Jon Model (member, metabolism.com) Weighs in on the Hydroxycut Debate


Jon, who is a member of metabolism.com, offers his insight on the pro’s and con’s of using over-the-counter medications:

Jon writes:

It’s relatively clear Brian, that you are engaged in a battle of wit with those that are lacking any real “armamentarium”. Unfortunately with people like “Tom” and “John”, you have your classic anti-pharma/government conspiracist propaganda. In fact, all you have to do is just harken back to “john’s” statement to see frank hypocrisy. He mentions that it hasn’t been proven that hydroxycut has cause frank liver toxicity then refers to the dangers of mercury amalgams, well where the evidenced based argument proving their toxicity. While most pharmaceuticals have the potential for greater adverse effects than their comparative nutraceuticals, they also have far stronger potential for disease management/cure; that’s the clear double edge sword nature of pharmaceuticals. It’s relatively clear that nutraceuticals for the most part(besides a small handful like fish oil, etc) rely on the placebo effect at best, in addition to the ignorance, naivety, and the need for instantaneous gratification of humankind.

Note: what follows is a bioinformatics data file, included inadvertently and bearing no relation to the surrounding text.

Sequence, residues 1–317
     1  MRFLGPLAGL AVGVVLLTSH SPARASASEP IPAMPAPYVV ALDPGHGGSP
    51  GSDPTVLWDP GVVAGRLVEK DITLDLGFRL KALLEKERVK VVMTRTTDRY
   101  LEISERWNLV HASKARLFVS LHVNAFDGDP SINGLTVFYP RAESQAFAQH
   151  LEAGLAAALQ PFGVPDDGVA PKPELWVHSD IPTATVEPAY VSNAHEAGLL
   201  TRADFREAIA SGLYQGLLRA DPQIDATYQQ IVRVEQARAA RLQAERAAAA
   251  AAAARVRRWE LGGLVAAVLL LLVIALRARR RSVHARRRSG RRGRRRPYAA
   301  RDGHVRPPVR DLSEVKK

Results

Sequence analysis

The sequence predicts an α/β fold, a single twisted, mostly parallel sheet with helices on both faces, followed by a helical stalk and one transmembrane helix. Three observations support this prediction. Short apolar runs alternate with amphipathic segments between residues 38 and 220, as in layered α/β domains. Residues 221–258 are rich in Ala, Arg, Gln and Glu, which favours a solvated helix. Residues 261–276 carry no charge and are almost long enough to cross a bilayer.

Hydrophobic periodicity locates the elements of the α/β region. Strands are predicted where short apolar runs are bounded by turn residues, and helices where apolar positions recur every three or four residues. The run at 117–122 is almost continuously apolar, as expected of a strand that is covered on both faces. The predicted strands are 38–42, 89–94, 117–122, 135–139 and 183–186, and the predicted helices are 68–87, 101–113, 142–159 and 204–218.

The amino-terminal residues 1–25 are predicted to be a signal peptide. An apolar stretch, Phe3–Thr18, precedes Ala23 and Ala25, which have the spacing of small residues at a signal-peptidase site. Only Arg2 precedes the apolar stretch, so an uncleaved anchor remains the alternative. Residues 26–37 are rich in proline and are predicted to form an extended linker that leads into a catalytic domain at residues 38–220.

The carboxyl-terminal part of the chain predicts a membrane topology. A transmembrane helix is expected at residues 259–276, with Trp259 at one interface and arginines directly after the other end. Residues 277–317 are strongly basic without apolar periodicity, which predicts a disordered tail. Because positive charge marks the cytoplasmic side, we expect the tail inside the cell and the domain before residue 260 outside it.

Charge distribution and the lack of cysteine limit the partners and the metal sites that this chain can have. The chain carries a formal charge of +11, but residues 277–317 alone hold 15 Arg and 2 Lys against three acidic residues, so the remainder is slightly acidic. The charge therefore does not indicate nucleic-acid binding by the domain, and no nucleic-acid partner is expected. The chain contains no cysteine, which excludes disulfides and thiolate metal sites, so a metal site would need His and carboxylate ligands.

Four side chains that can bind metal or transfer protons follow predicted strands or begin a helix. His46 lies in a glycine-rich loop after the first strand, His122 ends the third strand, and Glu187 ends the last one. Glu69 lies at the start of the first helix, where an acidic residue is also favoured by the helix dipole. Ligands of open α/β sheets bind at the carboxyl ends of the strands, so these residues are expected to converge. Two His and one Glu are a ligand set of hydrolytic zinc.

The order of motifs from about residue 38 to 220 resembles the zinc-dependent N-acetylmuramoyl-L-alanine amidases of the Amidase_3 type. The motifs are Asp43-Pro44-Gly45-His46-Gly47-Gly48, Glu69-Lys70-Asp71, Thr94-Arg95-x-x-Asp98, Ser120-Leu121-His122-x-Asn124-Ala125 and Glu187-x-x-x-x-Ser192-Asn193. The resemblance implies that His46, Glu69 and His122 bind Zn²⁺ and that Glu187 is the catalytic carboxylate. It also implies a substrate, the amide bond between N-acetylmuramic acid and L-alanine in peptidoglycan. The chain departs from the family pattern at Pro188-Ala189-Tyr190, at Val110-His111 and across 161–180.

It’s sad to see people fight so strongly for the lack of regulation in the supplement market; ironic that people the food that comes to people’s table(which for the most part has relatively limited processing in comparison to supplement/nutraceuticals) is more regulated than the nutraceutical market.

It’s relatively clear Brian, that you are engaged in a battle of wit with those that are lacking any real “armamentarium”. Unfortunately with people like “Tom” and “John”, you have your classic anti-pharma/government conspiracist propaganda. In fact, all you have to do is just harken back to “john’s” statement to see frank hypocrisy. He mentions that it hasn’t been proven that hydroxycut has cause frank liver toxicity then refers to the dangers of mercury amalgams, well where the evidenced based argument proving their toxicity. While most pharmaceuticals have the potential for greater adverse effects than their comparative nutraceuticals, they also have far stronger potential for disease management/cure; that’s the clear double edge sword nature of pharmaceuticals. It’s relatively clear that nutraceuticals for the most part(besides a small handful like fish oil, etc) rely on the placebo effect at best, in addition to the ignorance, naivety, and the need for instantaneous gratification of humankind.

It’s sad to see people fight so strongly for the lack of regulation in the supplement market; ironic that people the food that comes to people’s table(which for the most part has relatively limited processing in comparison to supplement/nutraceuticals) is more regulated than the nutraceutical market.
papaanal@gmail.com
Jon Model

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